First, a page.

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Wednesday, August 15, 2018

Estate Planning for Millennials

Why is it important for young people to have an estate plan?

Millennials, or those born between the years of 1981 and 1996, are now busy building careers and starting families of their own. Today’s Millennials watched the nation take a hit during the 2007 recession. For many Millennials, this defining event has created an air of caution when it comes to finances and investing. Wise Millennials understand that developing an...


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Tuesday, July 10, 2018

Estate Planning for Small Business Owners

What unique considerations exist for business owners when creating an estate plan?

Business owners wear many hats. As a small business owner, you are a general manager, advertising and marketing manager, therapist, copywriter, accountant, and much more. You play a vital role in your business’ success, and it is critical that you take steps to ensure your business will continue to thrive after your death. Without an estate plan in place that contemplates the needs of the business, your death could result in the end of the business. Our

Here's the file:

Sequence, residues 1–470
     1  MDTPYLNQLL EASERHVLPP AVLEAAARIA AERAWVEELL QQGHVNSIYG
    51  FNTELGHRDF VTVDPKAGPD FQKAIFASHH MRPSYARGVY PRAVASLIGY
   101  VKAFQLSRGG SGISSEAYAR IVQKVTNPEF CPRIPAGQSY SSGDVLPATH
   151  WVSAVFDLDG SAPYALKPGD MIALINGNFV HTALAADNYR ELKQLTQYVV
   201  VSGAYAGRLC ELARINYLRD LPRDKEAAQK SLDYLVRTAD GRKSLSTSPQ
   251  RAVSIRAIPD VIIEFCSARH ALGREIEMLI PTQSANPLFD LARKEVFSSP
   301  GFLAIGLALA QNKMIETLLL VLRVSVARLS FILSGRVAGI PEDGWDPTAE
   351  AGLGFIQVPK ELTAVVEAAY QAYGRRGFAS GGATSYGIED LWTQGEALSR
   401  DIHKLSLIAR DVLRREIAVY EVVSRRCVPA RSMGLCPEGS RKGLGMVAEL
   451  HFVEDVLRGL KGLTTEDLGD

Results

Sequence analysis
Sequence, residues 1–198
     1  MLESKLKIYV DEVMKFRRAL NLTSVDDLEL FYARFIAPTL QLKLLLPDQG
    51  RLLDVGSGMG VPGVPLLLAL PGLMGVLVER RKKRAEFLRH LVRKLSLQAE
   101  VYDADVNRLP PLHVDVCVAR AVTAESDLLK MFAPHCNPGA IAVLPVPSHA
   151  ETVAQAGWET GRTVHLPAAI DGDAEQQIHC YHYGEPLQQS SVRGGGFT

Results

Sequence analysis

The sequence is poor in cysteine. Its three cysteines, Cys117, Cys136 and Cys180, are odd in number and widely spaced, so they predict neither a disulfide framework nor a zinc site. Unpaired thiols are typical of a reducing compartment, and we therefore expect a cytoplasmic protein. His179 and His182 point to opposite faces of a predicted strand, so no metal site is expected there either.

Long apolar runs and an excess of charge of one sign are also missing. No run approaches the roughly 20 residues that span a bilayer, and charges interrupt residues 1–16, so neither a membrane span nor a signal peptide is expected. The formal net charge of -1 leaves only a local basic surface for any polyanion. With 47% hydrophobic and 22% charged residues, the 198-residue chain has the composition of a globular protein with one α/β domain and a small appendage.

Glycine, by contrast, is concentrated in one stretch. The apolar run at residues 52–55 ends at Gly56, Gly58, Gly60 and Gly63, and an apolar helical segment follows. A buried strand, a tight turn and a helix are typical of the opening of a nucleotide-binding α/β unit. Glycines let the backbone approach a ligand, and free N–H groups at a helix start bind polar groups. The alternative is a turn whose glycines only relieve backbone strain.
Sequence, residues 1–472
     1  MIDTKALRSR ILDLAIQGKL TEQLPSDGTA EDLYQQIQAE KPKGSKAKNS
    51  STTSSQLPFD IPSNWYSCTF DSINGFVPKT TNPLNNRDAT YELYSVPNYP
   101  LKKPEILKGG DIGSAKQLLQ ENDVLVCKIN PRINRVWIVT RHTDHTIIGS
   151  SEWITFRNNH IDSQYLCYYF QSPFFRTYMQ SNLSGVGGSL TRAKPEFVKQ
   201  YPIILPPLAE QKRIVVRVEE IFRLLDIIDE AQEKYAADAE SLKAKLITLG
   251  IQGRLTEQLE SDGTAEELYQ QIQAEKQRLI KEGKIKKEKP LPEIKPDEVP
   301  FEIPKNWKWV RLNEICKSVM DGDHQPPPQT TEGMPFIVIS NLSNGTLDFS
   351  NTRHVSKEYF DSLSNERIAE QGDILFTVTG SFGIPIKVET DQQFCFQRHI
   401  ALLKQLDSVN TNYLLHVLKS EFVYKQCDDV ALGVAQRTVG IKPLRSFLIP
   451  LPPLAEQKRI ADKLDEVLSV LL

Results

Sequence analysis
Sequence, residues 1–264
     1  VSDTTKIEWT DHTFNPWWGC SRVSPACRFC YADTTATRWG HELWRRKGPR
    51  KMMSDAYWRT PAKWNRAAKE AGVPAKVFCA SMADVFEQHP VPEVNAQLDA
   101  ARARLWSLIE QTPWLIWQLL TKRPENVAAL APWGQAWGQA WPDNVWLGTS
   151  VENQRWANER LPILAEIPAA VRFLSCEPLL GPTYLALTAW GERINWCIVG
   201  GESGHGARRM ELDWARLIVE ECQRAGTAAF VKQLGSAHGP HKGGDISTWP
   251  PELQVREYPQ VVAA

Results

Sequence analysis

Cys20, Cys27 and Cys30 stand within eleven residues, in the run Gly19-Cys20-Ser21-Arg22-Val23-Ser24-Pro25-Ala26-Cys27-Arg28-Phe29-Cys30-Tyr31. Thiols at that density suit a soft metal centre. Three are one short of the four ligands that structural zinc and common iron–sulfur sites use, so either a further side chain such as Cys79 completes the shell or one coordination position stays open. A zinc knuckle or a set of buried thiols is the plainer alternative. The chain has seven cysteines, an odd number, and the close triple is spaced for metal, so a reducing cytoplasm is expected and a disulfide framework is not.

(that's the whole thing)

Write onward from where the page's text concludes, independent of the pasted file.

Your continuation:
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Monday, May 28, 2018

The Future of Estate Planning

Does estate planning still matter with the passage of the new tax bill?

Traditionally, much of estate planning revolved around avoidance of the so-called death tax. The death or estate tax applied to individuals or couples who died with over a certain amount of assets. When applied, the death tax could consume nearly half of the deceased person’s assets. However, with the passage of the Tax Cuts and Jobs Act of 2017, the death tax has become nearly obsolete. The new tax law now raises the estate tax exemption to $11.


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Monday, May 21, 2018

What Happens to Your Cryptocurrencies When You Die?

Bitcoin and other cryptocurrencies are a virtual form of money that is only used for online transactions. Cryptocurrencies do not have intrinsic value because they are not redeemable for another commodity such as gold or silver. However, cryptocurrencies can have substantial value. This form of currency does not have any physical form and only exists online. Therefore, it can be a challenge to ensure that the asset is not lost when someone dies.